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The Body Acoustic

The Body Acoustic

(Chesky; US: 21 May 2004; UK: 10 May 2004)

David Chesky describes the new collection of songs by an eclectic collection of artists as “an organic polyrhythmic entity” and “a multi-tiered amalgamation of grooves…” So, what you have before you is one of those albums you don’t quite know where to put in your record collection—part jazz, part funk, part “world”. Backed by some of the more talented musicians around, including trumpet player Randy Brecker and conga maestro Giovanni Hidalgo, Chesky takes the listener down a road that is never traveled twice and is extremely interesting, challenging, and rewarding as a result.


The first thing you notice about the album is how at nearly 70 minutes and with only eight songs, you are going to get a lot of winding, twisting, and improvisation on these lengthy tunes. Beginning with the nine-minute “52nd2 Street”, Brecker and bass clarinet player Bob Mintzer play off each other before one gives way to the other for an interesting, mellow sound. Chesky plays a simple and repetitive segment in the distance while Hidalgo keeps a very solid percussion rhythm going. The only person really not playing a prominent part early on is bass player Andy Gonzalez, but he will have lots of time to later on. It’s this low-key mellow atmosphere that keeps the listener tuned in.


Perhaps what makes the early songs work so well is the flow within each. On “East Harlem” for example, Hidalgo works in tandem with Gonzalez to create the Latin jazz backdrop as Mintzer chimes in along with Chesky’s subtle ivory touches. Here the ensemble resembles early Dave Brubeck with its low-key yet meticulous groove. Each note adds to the tune’s greater good with Chesky stealing the spotlight with more of a rampant style two minutes in. He slowly backs away, though, before someone else picks up the proverbial football and runs with it. The Body Acoustic isn’t writing a new book of jazz, they are basically editing and fusing some of the genre’s greatest assets into a new cohesive whole. “Bronxville” is another infectious and simple groove that rarely falters. The only problem is how laidback the musicians are on this song, almost becoming too mellow despite some terrific work by Hidalgo near the homestretch.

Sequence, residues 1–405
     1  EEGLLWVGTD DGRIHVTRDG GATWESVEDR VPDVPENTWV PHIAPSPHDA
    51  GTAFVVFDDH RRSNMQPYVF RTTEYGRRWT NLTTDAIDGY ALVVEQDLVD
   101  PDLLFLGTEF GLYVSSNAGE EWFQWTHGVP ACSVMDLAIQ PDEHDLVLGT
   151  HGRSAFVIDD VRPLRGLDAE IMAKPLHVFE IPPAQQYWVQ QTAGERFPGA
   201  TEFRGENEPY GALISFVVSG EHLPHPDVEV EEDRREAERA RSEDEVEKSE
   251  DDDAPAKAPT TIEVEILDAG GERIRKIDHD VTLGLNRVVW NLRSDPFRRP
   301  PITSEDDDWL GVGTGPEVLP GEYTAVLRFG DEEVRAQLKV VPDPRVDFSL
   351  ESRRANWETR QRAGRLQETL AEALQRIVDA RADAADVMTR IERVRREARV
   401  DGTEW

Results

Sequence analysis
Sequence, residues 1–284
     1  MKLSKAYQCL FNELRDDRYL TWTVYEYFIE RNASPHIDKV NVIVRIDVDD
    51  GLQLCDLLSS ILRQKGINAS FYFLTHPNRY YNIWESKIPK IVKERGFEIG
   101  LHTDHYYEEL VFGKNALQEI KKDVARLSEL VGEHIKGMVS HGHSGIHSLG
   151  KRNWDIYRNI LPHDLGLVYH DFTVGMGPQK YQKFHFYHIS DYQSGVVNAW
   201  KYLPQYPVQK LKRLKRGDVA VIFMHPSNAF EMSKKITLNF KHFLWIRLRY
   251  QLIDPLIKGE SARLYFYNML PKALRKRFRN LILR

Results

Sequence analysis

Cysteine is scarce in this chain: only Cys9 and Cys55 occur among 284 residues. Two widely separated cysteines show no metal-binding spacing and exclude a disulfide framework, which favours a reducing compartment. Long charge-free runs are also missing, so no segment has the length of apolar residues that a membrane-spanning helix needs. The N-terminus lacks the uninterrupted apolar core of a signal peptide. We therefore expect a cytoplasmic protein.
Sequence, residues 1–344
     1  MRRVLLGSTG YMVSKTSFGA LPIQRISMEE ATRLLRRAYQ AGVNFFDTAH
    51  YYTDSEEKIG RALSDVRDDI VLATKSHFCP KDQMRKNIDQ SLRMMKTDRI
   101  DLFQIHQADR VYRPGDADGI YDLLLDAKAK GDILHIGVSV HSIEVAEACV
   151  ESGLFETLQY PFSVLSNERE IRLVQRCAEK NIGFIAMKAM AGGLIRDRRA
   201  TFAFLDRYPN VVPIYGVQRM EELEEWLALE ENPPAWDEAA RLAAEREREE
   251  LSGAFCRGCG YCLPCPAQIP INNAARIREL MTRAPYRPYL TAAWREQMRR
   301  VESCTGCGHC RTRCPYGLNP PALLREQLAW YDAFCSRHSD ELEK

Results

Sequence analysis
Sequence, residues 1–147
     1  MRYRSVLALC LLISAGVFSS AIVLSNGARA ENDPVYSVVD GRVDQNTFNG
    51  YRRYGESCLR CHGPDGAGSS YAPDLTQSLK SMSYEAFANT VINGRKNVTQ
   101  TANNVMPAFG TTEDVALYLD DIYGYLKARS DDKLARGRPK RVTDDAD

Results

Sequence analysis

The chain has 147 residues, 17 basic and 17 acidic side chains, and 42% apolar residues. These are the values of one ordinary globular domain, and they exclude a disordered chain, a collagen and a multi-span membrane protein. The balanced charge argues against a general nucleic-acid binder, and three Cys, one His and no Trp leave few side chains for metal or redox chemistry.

The Body Acoustic gets things going again with a great “Hell’s Kitchen”. By this time you realize all of the names involve New York City and, although not quite the standard jazz package, The Body Acoustic clearly create a sense of the city’s various areas as if you were shuffling through any of them on a dark, foggy evening. Brecker takes a great deal of talent to the proceedings here. He also lets loose more on his trumpet with a jazzy improvised style before the song peters out. The highlight is the punchy and robust “New York Descargas” that wastes little time wanting you to move your head or bob around in your chair. The song takes a more distinct Latin or salsa flair as well for great results. Brecker also brings to mind some jazz greats with his runs and fills.


The only moment where things come to be rather weak is the repetitive and at times arduous “Acoustic Metal”, lacking any of the verve or chutzpah to make it at least mildly interesting. Thankfully, the Body Acoustic rights the ship with the slightly more rambunctious “N.Y.Cool”, which is very cool indeed in that quiet jazz club manner. Overall though, the Body Acoustic is a strong collection that reminds the listener that jazz like this is still timeless.

Originally from Cape Breton, MacNeil is currently writing for the Toronto Sun as well as other publications, including All Music Guide, Billboard.com, NME.com, Country Standard Time, Skope Magazine, Chart Magazine, Glide, Ft. Myers Magazine and Celtic Heritage. A graduate of the University of King's College, MacNeil currently resides in Toronto. He has interviewed hundreds of acts ranging from Metallica and AC/DC to Daniel Lanois and Smokey Robinson. MacNeil (modestly referred to as King J to friends), a diehard Philadelphia Flyers fan, has seen the Rolling Stones in a club setting, thereby knowing he will rest in peace at some point down the road. Oh, and he writes for PopMatters.com.


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